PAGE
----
x Abu Dhabi, UAEWednesday 26 July 2017

Kuwait inventors win medals

Kuwait inventors won three awards, one silver and two bronze,, at the 39th Geneva International Exhibition of Inventors

Kuwaiti inventor Dr. Al Turqui shows his invention at the Alrai diwaniya, Shuwaikh, Kuwait, on Thursday, April 14, 2011
Kuwaiti inventor Dr. Al Turqui shows his invention at the Alrai diwaniya, Shuwaikh, Kuwait, on Thursday, April 14, 2011

KUWAIT CITY // Kuwaiti inventors have been hailed in the local press for bringing home three awards at the 39th Geneva International Exhibition of Inventions.

The awards, one silver and two bronze, are a boost for innovation in a country that is more famous for importing foreign talent and technology than it is for developing its own.

"The bronze medal was like gold for me in this big competition," said one of the prize winners, Abdulmohsen al Moumen, at a homecoming reception for the team of inventors in the headquarters of a local newspaper, Al Rai, on Thursday night.

Mr al Moumen, an aviation engineer at Kuwait Airways, won his medal in the alarm systems category for an invention that monitors water levels in residential water tanks. He said the device, which utilises a series of floats, would be useful in countries in the developing world that do not get a steady supply of water from the network.

"This device solves an Arab problem, not a European problem," he said. "Normally, you don't know about the shortage until you open the taps and nothing comes out."

Residents in some houses in Kuwait and Saudi Arabia depend on portable tankers for their water supply because they are not connected to the network at all, he said. The system could let the residents know when they need to call their supplier and prevent suppliers from swindling their clients by only partly filling the tanks.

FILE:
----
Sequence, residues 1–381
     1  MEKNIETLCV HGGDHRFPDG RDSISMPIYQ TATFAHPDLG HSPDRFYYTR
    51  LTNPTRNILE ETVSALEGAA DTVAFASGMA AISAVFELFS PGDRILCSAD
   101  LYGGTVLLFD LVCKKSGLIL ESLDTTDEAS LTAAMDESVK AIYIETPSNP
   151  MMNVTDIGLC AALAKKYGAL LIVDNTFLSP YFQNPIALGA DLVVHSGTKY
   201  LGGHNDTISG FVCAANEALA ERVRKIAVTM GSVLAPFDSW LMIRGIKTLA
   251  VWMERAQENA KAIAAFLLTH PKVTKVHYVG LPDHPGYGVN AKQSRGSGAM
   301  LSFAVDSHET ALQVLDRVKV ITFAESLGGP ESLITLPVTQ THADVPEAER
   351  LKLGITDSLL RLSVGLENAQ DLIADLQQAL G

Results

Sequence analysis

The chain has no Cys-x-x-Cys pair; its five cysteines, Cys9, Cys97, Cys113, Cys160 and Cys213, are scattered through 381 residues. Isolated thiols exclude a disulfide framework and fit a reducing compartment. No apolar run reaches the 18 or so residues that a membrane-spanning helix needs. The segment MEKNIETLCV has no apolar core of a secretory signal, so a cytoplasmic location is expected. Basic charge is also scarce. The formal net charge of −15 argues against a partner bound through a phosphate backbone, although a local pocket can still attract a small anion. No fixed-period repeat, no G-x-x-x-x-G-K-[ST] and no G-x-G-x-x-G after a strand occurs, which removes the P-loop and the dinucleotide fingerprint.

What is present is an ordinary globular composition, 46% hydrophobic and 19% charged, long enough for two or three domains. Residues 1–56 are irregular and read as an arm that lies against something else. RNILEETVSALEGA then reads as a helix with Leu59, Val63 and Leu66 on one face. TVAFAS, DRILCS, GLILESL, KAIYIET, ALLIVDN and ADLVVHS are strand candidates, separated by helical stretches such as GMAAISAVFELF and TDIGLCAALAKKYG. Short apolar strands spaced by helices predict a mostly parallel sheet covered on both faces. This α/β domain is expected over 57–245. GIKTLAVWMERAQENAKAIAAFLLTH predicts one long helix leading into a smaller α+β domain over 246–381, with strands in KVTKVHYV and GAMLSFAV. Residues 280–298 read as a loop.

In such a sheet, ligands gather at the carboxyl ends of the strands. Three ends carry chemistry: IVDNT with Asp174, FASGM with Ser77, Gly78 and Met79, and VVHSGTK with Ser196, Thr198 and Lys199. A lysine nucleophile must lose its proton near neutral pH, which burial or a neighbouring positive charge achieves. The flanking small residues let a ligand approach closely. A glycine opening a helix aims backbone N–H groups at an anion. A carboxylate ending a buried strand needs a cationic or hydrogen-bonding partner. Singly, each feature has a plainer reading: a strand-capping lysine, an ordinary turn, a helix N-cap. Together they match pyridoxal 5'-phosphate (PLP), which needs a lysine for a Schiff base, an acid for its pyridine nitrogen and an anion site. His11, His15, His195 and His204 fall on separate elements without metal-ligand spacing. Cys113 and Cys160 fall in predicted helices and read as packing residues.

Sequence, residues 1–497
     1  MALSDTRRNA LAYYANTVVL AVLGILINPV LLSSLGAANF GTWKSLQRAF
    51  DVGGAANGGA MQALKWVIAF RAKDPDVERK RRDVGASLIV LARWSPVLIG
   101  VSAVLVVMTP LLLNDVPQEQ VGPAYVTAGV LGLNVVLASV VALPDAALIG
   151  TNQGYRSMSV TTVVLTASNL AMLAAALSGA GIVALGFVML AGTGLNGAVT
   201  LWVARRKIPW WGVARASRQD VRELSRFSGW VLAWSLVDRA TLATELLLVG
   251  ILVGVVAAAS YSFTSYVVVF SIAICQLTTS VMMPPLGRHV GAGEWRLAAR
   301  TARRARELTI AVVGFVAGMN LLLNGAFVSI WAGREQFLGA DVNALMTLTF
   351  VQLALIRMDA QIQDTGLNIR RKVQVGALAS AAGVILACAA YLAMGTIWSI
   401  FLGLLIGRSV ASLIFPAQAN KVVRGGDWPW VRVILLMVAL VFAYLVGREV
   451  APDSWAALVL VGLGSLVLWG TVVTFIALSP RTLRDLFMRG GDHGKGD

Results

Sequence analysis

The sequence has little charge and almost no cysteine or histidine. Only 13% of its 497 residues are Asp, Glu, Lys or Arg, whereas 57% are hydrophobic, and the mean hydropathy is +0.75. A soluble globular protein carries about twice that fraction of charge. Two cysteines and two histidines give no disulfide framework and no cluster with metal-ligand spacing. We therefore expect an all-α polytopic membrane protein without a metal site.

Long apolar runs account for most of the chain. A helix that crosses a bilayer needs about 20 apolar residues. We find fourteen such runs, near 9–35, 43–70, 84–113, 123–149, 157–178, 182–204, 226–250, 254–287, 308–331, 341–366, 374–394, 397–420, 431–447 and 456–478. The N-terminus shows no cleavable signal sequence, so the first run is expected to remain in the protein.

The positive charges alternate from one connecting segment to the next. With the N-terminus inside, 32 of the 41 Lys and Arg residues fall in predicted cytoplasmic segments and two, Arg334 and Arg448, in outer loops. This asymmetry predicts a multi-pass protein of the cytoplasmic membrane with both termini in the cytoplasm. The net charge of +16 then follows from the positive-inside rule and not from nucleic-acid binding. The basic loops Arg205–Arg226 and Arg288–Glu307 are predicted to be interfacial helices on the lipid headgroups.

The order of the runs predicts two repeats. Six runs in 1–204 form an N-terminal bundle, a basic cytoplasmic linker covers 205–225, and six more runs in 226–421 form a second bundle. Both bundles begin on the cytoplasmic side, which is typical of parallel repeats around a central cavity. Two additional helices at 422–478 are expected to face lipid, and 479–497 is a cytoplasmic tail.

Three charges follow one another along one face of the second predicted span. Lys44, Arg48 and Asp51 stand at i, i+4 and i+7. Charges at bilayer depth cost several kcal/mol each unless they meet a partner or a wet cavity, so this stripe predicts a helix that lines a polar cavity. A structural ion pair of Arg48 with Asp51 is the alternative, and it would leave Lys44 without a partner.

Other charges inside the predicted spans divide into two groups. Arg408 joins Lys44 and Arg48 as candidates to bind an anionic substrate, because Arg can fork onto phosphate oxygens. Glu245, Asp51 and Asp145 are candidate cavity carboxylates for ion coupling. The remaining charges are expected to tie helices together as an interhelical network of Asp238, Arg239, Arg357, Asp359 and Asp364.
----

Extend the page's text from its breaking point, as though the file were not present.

Mr al Moumen's invention was one of around 1,000 on display between April 6 to 10 in Geneva. The organisers said that 48 per cent of the exhibits were European and 47 per cent were from Asia and the Middle East. Of the 45 countries that took part, China had the largest representation, followed by Iran and Russia.

Kuwait has a strong tradition in the event, in large part because of the Kuwait Science Club, a government-funded institution that fosters local scientific talent. Kuwaiti inventors are also boosted by a government scheme to pay fees - around US$20,000 (Dh73,460) - for citizens who want to register a patent in the US.

Turki al Dhafiri, a former mathematics teacher who now works in the inventions' department at the Kuwait Institute for Scientific Research, won a silver award in the education category with his new technique to teach mathematics to children.

The system tries to facilitate the teaching of mathematics by putting the concepts into a format that children can relate to: grains, spikes, and barrels of wheat.

"Wheat is famous all over the world, everybody needs to eat bread or macaroni or whatever, so this is very, very close to the student," Mr al Dhafiri said.

Based on the decimal system, single grains of wheat represent units, spikes of wheat to represent tens and barrels of wheat represent 10,000s. Every decimal group has an equivalent in the agriculture industry up to silos, which contain one million grains of wheat.

The system includes a kit with models to represent the different groups with different shapes. He said his idea was developed over nine years and it has already been tested successfully in several countries.

The Arab Times says the third Kuwaiti award winner, Abdullah al Hashash, won a bronze for an innovative water supply system.

For many of the inventors, the exhibition was not just a place to win awards; it was about finding an investor with enough cash to develop their ideas into successful commercial products. The organisers estimate that 55 per cent of the 60,000 visitors in Geneva were industrialists, distributors and businessmen, and more than 45 per cent of the inventions exhibited were linked to licensing contracts.

Mr al Dhafiri said he hopes to develop his idea commercially, but after teaching mathematics for 40 years he is more concerned with contributing something new to the field. He said: "When I got the patent, they searched all over the world, and there was nothing like this."

 

jcalderwood@thenational.ae